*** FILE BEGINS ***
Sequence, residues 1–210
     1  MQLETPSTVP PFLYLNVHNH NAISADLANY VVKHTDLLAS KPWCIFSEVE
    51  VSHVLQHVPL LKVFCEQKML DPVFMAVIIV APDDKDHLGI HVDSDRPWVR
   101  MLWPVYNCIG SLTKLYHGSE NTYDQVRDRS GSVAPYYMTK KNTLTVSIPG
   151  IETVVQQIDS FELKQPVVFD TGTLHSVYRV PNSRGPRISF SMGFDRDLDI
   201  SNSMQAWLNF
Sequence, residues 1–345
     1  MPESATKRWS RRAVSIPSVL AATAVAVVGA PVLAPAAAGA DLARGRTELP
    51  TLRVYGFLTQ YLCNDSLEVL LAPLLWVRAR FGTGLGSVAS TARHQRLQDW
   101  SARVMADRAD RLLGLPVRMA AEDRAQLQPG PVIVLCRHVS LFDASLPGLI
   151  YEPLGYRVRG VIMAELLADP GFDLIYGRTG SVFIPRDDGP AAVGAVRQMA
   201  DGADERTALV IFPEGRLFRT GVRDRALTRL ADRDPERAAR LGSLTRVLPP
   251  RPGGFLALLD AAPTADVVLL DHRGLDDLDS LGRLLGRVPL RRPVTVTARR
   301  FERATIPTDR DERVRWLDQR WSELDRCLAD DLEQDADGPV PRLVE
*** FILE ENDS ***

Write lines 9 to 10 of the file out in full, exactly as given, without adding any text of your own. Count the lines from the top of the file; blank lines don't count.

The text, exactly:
    51  TLRVYGFLTQ YLCNDSLEVL LAPLLWVRAR FGTGLGSVAS TARHQRLQDW
   101  SARVMADRAD RLLGLPVRMA AEDRAQLQPG PVIVLCRHVS LFDASLPGLI